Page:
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EDIT:I am not sure, whether I understand the second paragraph correctly. Group homology can be defined as the homology opf the classifying space, which reads $H_(G):=H_(BG)$. So this causes confusion, if it is not clear, whether one considers the group homology or the homology of the discrete space given by forgetting the group structure.

If the second was the case: Then the answer would be: write the discrete space as a union of orbits $\amalg_{i\in I}G/H_i$ and the result would be (like above) $\bigoplus_{i\in I} H_*(H_i)$ (denoting the group homology).

Or (more likely) it asks for some sort of "equivariant group homology", which I would read as $H_*^C_p(BC_q)$. Using a nice functorial construction for $BC_q$, the $C_p$ action on the group also gives a $C_p$ action on the classifying space $BC_q$ and also on $EC_q$. However in this case I would guess, that $EC_q\times EC_p$ is a free,contractible $C_p\ltimes C_q$-CW-complex. Then it would be a model for $EC_p\ltimes C_q$ and hence:

$(BC_q \times EC_p)/C_p=(EC_q/C_q\times EC_p)/C_p=(EC_q\times EC_p)/(C_p\ltimes C_q)$.Then $H_*^{C_p}(C_q)$ would just be the group homology of $C_p\ltimes C_q$.

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Sorry this got too long for a comment, so I post it as an answer.

A CW-complex equipped with a $G$- action is not the right thing to consider. A $G$-CW complex is a space, that can be built using blocks of the form $G/H \times (D^n,S^{n-1})$ (in the same way you build a CW-complex). A $G$-CW complex has better properties than a CW-complex, for example the fixed point set of any subgroup is a subcomplex. However most CW-complexes with a $G$ action can also be given the structure of a CW-complex.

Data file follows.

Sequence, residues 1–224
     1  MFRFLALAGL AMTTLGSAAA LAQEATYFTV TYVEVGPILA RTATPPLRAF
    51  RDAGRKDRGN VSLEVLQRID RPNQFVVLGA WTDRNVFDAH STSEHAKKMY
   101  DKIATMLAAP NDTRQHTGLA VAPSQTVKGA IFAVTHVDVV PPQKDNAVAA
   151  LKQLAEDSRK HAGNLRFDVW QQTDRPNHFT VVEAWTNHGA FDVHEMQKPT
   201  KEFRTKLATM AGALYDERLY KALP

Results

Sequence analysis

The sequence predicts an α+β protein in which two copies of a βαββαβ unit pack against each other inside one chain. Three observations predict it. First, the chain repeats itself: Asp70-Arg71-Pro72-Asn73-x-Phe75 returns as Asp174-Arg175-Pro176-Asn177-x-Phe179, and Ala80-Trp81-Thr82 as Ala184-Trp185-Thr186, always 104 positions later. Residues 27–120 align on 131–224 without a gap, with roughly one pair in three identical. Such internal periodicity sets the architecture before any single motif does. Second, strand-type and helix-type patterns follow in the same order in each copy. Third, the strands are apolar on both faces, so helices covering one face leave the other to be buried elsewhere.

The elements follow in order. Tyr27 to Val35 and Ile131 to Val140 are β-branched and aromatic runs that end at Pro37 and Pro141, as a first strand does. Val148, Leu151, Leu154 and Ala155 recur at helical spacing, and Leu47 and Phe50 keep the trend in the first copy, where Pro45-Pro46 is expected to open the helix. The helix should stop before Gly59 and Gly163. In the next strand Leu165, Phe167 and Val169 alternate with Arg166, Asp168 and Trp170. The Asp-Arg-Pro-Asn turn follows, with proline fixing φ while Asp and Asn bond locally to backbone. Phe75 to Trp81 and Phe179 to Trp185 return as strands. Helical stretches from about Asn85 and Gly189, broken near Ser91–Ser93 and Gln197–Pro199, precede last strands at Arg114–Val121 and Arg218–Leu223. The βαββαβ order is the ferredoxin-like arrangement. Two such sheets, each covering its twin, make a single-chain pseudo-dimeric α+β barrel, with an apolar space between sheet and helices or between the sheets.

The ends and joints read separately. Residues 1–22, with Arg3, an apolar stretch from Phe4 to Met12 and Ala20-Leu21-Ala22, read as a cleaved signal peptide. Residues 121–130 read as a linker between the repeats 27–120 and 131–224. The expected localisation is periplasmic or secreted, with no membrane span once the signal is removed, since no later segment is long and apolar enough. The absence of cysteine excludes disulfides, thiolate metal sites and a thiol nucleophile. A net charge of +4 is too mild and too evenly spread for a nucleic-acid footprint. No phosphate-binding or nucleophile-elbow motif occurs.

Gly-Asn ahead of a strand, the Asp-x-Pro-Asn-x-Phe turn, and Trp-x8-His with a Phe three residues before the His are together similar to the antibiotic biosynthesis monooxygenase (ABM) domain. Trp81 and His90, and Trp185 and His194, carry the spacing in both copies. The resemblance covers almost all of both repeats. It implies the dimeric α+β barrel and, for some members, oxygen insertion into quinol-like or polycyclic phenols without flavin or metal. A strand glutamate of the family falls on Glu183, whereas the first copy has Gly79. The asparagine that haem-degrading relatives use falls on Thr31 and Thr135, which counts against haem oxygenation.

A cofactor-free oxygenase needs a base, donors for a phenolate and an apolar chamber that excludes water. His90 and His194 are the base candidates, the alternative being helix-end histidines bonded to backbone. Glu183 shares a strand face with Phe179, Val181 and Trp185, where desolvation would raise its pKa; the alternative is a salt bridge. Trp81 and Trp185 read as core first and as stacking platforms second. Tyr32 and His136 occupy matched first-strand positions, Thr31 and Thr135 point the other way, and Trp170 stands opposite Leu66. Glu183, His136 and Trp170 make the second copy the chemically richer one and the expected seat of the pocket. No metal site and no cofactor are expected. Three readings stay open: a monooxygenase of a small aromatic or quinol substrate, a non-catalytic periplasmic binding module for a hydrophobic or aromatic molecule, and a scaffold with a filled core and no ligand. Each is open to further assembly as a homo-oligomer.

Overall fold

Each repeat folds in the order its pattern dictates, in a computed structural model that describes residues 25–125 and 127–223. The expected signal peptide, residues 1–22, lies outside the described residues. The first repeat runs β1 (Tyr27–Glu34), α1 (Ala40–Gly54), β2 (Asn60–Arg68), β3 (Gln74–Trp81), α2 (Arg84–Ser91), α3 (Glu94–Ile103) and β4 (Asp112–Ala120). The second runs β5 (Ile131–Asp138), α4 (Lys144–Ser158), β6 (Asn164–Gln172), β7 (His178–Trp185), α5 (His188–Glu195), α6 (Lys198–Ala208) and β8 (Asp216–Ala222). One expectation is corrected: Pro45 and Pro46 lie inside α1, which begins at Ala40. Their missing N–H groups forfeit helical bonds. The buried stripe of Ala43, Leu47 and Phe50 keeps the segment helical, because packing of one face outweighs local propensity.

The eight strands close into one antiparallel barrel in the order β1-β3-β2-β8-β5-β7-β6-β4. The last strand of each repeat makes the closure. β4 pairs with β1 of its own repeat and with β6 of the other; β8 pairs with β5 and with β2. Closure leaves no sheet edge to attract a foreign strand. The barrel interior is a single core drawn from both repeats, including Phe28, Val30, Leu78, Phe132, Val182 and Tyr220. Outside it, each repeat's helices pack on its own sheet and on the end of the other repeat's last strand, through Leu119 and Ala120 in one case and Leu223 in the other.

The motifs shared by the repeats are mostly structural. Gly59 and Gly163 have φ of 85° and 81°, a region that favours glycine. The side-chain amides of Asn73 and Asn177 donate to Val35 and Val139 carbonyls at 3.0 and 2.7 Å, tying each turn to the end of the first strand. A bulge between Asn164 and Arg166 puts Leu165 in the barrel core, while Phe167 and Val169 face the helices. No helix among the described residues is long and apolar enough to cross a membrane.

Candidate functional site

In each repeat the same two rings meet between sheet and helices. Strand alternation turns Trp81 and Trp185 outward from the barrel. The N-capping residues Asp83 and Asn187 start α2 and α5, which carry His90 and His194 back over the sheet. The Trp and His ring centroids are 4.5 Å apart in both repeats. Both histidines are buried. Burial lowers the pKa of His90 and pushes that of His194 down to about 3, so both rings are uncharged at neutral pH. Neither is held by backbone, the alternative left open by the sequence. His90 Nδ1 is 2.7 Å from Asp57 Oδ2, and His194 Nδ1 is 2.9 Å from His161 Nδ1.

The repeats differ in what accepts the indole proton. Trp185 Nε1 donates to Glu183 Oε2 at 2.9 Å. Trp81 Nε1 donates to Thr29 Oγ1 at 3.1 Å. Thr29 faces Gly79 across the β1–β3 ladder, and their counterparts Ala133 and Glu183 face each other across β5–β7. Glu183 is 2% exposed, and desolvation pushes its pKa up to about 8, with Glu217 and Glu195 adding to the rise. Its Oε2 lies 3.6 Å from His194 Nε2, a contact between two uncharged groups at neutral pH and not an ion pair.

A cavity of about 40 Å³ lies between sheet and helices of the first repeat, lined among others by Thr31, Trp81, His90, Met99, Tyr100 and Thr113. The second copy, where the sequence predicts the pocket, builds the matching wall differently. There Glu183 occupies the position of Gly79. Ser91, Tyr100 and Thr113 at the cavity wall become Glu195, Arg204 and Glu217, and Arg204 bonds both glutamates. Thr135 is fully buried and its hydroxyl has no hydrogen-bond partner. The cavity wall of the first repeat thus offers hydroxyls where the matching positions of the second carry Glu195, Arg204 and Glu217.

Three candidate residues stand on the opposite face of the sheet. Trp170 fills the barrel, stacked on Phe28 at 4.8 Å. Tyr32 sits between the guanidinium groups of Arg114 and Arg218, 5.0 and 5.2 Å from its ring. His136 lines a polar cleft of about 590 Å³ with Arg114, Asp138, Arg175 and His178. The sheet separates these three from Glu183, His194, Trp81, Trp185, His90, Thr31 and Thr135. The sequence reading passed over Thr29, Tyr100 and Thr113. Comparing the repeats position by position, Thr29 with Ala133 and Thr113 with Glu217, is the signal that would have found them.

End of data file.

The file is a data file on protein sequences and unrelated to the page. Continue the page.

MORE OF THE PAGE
In the example of $G=\{1,t\}=\mathbb{Z}/2$ acting on $S^1\times S^1$ by flipping the components, one could for example take the following $G$-CW- structure with 1 $0$-cell $P$ of type $G/G$, two 1-cells $A,B$ of type $G/1,G/G$ and 1 2-cell $C$ of type $G/1$:

Then the cellular chain complex may be considered as $\mathbb{Z}[G]$ chain complex. Here it is:

$\mathbb{Z}[P]\leftarrow\mathbb{Z}[A,tA,B] \leftarrow \mathbb{Z}[C]$

, where the differentials are given by $A,B\mapsto 0, C\mapsto A+tA+B$. Forgetting the names, we can write the chain complex as

$\mathbb{Z}[G/G]\leftarrow\mathbb{Z}[G/1]\oplus \mathbb{Z}[G/G] \leftarrow \mathbb{Z}[G/1]$

These maps are $G$-equivariant. If one would apply $\otimes_{\mathbb{Z}[G]}\mathbb{Z}$ to this chain complex and take the homology, one would just get the cellular homology of the quotient $H_*(X/G)$.

I think, that if one takes a projective resolution of this chain complex first, one should get $H_*(X\times_GEG)$. (The cellular chain complex of $X\times EG$ is a free resolution of the cellular chain complex of $X$).